Sorry for the delay in posting, folks. Was on a much-needed vacation with the family that recharged my batteries and prepared me for what is certain to be a very newsy fall.
One thing I wanted to make a note of with our readers is a story that ran last week on Military.com from a well-respected journalist whom I've known for years, Jonathan Landay. He writes for McClatchy news and was involved in a sudden ambush and firefight that resulted in the loss of two senior enlisted Marines, a young Marine officer and a Navy Corpsman -- all on an advisor team for Afghan forces.
Jonathan's takeaway from the ambush and the hours-long firefight that ensued was that the Marines were begging for some kind of fire support to help get them out of the pinch in Kunar. Because of the new restrictions placed upon forces there to avoid civilian casualties -- or the perception of civilian casualties -- fire and air support for the Marines (and their Afghan troops) was delayed for hours. Anyone reading this who's been in combat knows how long an hour is when the bullets are flying -- most of the fights I've been in have lasted minutes, and that was plenty.
...The U.S. troops had to wait more than an hour for attack helicopters to come to their aid and their appeal for artillery fire was rejected, with commanders citing new rules designed to avoid civilian casualties, the report said...
When an Afghan soldier demanded helicopter gunships, U.S. Major Kevin Williams replied through an interpreter: "We are pinned down. We are running low on ammo. We have no air. We've lost today."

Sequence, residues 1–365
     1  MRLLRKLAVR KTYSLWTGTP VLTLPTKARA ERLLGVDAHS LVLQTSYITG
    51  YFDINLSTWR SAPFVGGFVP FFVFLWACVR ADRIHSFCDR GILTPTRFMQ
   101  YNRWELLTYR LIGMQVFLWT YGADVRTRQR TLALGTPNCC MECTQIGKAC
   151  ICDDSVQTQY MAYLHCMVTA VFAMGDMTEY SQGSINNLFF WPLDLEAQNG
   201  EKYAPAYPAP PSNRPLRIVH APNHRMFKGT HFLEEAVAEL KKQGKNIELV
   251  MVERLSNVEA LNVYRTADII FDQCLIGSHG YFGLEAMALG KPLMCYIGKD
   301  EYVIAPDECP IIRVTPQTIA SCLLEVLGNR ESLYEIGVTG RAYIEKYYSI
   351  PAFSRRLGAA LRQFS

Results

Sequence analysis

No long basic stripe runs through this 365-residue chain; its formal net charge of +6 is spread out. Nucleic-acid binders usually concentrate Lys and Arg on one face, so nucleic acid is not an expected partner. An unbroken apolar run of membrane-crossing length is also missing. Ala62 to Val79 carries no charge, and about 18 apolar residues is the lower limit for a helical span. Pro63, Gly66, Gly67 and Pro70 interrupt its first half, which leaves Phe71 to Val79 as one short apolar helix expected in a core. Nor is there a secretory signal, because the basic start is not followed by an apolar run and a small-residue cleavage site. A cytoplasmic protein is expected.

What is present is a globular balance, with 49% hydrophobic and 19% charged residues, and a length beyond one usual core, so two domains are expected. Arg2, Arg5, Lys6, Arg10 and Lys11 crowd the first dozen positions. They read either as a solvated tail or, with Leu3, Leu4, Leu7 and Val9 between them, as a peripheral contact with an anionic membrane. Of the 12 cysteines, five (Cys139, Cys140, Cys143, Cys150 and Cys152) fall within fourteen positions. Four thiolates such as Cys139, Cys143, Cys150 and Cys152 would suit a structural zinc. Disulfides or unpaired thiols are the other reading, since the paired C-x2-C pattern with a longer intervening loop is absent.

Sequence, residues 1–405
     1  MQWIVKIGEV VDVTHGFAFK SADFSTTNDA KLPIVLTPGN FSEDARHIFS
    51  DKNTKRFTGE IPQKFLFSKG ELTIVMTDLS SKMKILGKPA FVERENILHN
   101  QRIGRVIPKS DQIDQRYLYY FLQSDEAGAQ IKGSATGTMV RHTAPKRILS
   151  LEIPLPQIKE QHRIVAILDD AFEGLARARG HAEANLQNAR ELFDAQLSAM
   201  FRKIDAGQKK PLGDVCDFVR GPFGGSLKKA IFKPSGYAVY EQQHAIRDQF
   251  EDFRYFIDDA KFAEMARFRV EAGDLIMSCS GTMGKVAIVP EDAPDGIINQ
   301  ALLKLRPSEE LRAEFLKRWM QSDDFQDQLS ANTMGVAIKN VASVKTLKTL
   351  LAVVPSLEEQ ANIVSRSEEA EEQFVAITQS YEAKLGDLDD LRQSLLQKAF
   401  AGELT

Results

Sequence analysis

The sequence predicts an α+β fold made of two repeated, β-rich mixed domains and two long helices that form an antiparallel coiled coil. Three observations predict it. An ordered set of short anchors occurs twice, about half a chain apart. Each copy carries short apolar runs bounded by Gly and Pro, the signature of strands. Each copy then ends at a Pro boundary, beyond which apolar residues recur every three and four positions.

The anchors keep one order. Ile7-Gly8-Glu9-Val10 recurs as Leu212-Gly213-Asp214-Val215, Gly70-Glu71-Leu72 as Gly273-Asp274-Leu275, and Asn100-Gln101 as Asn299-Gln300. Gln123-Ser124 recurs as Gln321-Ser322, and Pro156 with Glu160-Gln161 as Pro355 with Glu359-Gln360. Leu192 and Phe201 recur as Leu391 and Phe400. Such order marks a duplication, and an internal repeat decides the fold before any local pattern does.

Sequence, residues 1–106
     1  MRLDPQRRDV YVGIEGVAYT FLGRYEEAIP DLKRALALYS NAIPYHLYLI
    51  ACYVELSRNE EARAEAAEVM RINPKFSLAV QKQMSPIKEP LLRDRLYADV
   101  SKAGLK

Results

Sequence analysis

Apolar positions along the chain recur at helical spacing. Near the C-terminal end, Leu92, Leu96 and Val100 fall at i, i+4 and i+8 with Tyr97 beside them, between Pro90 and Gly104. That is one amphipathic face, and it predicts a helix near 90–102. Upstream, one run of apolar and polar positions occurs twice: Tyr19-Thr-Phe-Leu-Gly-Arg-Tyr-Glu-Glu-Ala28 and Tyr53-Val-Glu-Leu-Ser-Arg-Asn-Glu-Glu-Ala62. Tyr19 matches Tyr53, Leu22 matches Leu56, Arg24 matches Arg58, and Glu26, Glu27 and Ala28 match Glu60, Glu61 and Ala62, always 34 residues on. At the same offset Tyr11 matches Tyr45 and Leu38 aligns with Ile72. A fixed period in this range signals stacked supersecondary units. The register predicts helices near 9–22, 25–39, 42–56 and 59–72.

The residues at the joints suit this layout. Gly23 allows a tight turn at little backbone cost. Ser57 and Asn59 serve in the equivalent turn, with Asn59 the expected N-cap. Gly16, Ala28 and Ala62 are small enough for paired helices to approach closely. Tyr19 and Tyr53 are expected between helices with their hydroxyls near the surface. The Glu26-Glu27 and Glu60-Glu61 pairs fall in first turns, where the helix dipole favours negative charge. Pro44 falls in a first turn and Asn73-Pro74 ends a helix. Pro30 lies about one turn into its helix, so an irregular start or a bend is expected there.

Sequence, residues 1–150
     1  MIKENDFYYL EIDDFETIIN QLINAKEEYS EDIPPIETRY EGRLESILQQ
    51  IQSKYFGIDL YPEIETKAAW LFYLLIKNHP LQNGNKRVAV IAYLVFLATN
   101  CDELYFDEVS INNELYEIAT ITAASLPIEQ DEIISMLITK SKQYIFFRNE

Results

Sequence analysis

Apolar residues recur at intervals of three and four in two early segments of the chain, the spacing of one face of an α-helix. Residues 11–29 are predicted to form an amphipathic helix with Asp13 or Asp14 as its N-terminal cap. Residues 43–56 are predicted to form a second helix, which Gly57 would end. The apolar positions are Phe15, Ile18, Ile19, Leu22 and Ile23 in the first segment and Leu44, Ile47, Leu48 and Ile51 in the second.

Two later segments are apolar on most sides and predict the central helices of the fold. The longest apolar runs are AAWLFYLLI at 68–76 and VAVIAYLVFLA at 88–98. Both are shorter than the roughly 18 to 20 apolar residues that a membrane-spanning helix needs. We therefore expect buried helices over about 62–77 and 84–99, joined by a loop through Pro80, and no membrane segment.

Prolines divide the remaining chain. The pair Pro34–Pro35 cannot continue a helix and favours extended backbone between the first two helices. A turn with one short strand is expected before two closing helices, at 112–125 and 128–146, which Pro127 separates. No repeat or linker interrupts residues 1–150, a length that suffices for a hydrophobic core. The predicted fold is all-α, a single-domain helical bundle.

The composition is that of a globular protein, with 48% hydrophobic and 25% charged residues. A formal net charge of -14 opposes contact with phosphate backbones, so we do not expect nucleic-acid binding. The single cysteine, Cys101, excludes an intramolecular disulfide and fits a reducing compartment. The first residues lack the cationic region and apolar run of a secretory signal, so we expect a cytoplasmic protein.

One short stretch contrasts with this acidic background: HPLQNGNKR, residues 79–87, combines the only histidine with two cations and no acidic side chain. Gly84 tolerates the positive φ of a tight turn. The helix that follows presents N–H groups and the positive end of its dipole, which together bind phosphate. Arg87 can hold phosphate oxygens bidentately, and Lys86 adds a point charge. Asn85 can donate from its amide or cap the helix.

The Americans were assisting Afghan forces in an operation that called for Afghans searching the hamlet for weapons and then meeting village elders to plan police patrols.
But U.S. officers suspected insurgents were tipped off about the operation beforehand, as the coalition and Afghan forces were ambushed as they approached the outskirts of the hamlet at dawn, the report said.
Aside from the policy aspect of the screwup, there's something that might be worth considering here that could have made the crucial difference. We've been covering the larger issue of COIN air power and the micro issue of a COIN support and recce plane. Would not have something like this made a decisive difference in the ambush?
Let's look at the key points:
The COIN plane would have 5 hours of loiter, more than enough time to recce the area before the meeting with the elder that was the bait of the ambush. The crew could have alerted the advisors and their Afghan charge well before they entered the village of the ambush setup.
Even had they missed the emplacements, the COIN plane could have provided graduated levels of precise CAS and could have worked as a FAC-A for artillery and mortar support. Helicopters are great for this, but they were too far away and have limited loiter time. A COIN plane can be based at FOBs or even COPs with only a few hundred meters of runway and a skeleton maintenance crew.
Sure there is greater risk to the pilots and there's plenty of logistical problems to account for. But it seems the solution to this problem is well within our grasp and the Pentagon has been much too slow to send it down range.
This loss of life is a tragic (and preventable?) shame and rest assured that Defense Tech and Military.com will continue to investigate its circumstances and follow its conclusions.